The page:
Federal

Scholars Prepare for ‘No Child Left Behind’ Discussions

By Debra Viadero — September 27, 2004 2 min read
  • Save to favorites
  • Print

Three national education groups, including some of the profession’s most distinguished scholars, are launching a series of public forums this fall to lend some academic context and counterpoint to discussions about the No Child Left Behind Act.

“It seems pretty obvious that people don’t know much about No Child Left Behind, though they may favor it because it sounds nice,” said Nel Noddings, the president of the National Academy of Education, a group of about 100 leading scholars. The academy is sponsoring the discussions with Kappa Delta Pi, an international honor society for educators based in Indianapolis, Ind., and the National Society for the Study of Education, a Chicago-based research society.

In a national poll published earlier this month, for instance, 68 percent of Americans said they knew nothing or next to nothing about the 2½- year-old federal law, which is the centerpiece of the Bush administration’s education agenda.

For all three organizations, the forums also mark a departure from usual practice. Officials of the three groups said their organizations have tended to be reluctant to weigh in on the most contentious political and public-policy debates in the field.

“But the implications of NCLB on the professional lives of teachers,” said Michael P. Wolfe, the executive director of the 55,000-member Kappa Delta Pi, “make it worth having a healthy conversation.”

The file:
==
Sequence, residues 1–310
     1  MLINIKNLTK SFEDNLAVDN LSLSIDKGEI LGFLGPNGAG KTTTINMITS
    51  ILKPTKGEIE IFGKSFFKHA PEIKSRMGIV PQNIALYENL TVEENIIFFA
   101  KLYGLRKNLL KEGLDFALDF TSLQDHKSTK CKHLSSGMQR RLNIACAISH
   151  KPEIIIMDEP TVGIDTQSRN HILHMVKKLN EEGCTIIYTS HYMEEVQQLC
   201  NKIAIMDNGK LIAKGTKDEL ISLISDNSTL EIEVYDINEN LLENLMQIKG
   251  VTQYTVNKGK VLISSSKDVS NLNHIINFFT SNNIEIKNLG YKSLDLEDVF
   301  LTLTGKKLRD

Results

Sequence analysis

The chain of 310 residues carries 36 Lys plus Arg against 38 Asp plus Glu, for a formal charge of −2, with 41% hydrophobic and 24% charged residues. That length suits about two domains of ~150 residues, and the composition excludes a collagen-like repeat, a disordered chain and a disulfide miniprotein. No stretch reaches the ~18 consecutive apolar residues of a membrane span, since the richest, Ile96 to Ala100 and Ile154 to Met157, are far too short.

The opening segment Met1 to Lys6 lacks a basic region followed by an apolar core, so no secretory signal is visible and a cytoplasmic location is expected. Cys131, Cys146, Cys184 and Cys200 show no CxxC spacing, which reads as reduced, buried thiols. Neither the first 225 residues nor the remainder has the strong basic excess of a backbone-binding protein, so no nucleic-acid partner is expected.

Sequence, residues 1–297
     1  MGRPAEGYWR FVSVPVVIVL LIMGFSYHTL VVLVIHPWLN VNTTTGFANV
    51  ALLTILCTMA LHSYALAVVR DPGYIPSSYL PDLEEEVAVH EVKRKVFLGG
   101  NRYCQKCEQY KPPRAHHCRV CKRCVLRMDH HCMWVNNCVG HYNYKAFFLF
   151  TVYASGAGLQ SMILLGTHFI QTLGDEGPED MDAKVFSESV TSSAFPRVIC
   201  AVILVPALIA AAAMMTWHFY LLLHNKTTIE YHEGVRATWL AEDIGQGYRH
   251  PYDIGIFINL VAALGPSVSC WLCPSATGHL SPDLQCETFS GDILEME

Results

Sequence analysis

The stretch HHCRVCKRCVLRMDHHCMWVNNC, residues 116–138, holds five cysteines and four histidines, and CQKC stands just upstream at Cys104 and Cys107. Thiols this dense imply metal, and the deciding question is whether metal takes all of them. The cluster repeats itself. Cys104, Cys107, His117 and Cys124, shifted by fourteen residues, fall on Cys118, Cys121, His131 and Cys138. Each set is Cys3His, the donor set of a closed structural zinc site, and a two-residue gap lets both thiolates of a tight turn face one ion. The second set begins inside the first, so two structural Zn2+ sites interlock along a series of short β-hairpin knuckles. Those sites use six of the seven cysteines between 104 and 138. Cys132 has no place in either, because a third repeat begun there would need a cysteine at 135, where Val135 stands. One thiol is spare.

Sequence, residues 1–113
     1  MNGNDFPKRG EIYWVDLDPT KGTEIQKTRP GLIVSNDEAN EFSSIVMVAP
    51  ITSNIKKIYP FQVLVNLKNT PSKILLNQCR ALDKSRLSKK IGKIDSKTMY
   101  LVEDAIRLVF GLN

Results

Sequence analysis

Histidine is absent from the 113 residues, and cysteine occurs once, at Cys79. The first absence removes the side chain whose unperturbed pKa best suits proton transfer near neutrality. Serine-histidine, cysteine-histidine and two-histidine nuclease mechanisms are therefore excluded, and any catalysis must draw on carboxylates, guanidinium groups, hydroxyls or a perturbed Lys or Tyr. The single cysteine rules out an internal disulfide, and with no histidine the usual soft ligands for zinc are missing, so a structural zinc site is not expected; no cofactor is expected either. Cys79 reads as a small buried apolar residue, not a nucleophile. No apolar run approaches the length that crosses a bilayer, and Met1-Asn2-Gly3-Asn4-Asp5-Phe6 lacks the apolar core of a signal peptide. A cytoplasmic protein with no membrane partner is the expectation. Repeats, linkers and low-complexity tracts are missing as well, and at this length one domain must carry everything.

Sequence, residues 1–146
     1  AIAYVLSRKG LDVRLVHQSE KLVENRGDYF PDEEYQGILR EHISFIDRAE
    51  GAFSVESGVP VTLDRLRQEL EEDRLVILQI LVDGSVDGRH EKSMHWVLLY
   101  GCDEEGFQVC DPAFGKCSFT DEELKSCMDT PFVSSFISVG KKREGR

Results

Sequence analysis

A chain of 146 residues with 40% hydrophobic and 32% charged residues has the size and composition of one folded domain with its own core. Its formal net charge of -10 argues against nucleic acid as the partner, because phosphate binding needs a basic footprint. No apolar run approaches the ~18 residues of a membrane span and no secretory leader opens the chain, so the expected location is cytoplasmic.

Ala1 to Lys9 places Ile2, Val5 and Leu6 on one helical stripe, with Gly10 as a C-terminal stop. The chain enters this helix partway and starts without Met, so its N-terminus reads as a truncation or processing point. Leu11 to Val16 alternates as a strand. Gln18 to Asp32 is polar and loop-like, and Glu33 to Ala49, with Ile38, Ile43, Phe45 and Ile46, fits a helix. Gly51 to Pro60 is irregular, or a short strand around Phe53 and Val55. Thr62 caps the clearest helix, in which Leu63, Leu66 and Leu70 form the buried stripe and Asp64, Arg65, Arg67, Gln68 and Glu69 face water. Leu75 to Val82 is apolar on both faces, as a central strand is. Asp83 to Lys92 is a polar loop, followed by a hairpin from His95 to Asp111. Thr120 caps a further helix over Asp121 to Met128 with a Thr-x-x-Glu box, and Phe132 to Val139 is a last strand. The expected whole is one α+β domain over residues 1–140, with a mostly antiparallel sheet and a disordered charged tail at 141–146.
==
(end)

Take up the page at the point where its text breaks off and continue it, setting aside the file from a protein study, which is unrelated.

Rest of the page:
Objectivity Encouraged

The New York City- based academy of education is providing the speakers for the talks, all of which will be free and open to the public.

Besides Ms. Noddings, who is also a professor of education emerita at Stanford University, the speakers include: the educator and author Theodore R. Sizer, a professor emeritus at Brown University; Deborah Meier, the founder and principal of Boston’s Mission Hills School; Catherine Snow and Patricia A. Graham of Harvard University; and P. David Pearson, Judith Warren Little, and Alan Schoenfeld, all of the University of California, Berkeley.

Although some of those scholars have openly criticized the federal law, Ms. Noddings said members are being encouraged to make their talks as objective as possible.

Two test runs for the talks, held last spring, drew 100 to 200 people each. The forum officially kicks off Oct. 6 at the University of California, Berkeley. More forums are scheduled throughout the fall in San Francisco; Gloucester and Cambridge, Mass.; Austin, Texas; New York City; and Columbus, Ohio.


Commenting has been disabled on edweek.org effective Sept. 8. Please visit our FAQ section for more details. To get in touch with us visit our contact page, follow us on social media, or submit a Letter to the Editor.


Events

This content is provided by our sponsor. It is not written by and does not necessarily reflect the views of Education Week's editorial staff.
Sponsor
Teaching Webinar
6 Key Trends in Teaching and Learning
As we enter the third school year affected by the pandemic—and a return to the classroom for many—we come better prepared, but questions remain. How will the last year impact teaching and learning this school
Content provided by Instructure
This content is provided by our sponsor. It is not written by and does not necessarily reflect the views of Education Week's editorial staff.
Sponsor
School & District Management Webinar